By Radhi S. Bachir
In January this year, the UN Secretary-General’s Special Envoy for Western Sahara and former Germany President, Horst Kohler, held talks with President Paul Kagame to discuss about the Western Sahara situation.
President Paul Kagame, who is the current Chairperson of the African Union, admitted that the Sahel problem is really complex, but can be solved if players are coordinated for the better use of resources that are required to deal with it.
The AU is increasingly trying to address such problems by building efficient institutions to try to meet the needs of peoples this global wider challenge so that we can all contribute to the stability of the continent.
Kagame added that the problem is complex but he believes it is not insurmountable if we can do the right things in the right way in the right time.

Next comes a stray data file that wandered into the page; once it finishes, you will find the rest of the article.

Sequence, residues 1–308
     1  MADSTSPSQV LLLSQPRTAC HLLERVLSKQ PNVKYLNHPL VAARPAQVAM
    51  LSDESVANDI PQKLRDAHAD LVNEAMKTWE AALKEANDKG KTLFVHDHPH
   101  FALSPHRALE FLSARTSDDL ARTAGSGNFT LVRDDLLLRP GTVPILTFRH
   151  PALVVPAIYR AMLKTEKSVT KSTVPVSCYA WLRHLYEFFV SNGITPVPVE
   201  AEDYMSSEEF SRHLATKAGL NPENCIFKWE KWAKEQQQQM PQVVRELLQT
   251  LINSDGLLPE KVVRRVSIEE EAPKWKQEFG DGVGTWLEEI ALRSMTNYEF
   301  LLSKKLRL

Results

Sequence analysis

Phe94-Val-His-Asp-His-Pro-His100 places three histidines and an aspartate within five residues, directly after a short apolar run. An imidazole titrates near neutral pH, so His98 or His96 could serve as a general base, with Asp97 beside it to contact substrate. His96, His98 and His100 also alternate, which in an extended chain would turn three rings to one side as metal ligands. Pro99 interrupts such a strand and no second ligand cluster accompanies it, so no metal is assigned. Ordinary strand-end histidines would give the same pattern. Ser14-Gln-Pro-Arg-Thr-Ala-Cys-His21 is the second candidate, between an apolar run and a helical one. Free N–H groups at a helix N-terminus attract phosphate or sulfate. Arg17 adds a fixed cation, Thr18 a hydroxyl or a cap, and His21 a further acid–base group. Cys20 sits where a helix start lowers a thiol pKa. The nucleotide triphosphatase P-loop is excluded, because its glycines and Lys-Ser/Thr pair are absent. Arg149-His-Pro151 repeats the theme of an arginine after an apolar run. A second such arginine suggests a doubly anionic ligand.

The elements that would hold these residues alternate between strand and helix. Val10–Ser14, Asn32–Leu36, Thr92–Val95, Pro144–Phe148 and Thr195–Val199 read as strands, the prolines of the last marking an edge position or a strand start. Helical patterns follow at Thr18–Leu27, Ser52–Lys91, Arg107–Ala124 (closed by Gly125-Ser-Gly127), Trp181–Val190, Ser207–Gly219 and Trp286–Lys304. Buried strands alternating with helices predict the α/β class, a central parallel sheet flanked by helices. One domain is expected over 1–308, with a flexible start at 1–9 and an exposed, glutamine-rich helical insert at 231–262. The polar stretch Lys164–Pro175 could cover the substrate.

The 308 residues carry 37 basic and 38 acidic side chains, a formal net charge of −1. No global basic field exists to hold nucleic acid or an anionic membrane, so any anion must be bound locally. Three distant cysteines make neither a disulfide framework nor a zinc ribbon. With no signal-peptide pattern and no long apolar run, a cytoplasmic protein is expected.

Since 1991, Morocco benefitted from a temporarily lull and pursued against all odds a typically colonial policy, silencing the people, exploration and plundering the highly rich colony. From day one of the occupation, Morocco sealed long term profitable agreements with several European and Asian countries on joint exploitation of the resources of the area, securing hundreds of millions of dollars and political neutrality.
In the United Nations, Western Sahara’s legal status remained crystal clear. In 1963, it was listed as a Non-Self-Governing Territory by the United Nations General Assembly under the UN Charter – a status, which characterizes what, is known, in short, as the last colony in Africa. In 1975, the International Court of Justice (ICJ) found no ties of territorial sovereignty between Morocco and Western Sahara and affirmed the Saharawi people’s right to self-determination and to a free and fair referendum to define the ultimate legal status of the territory.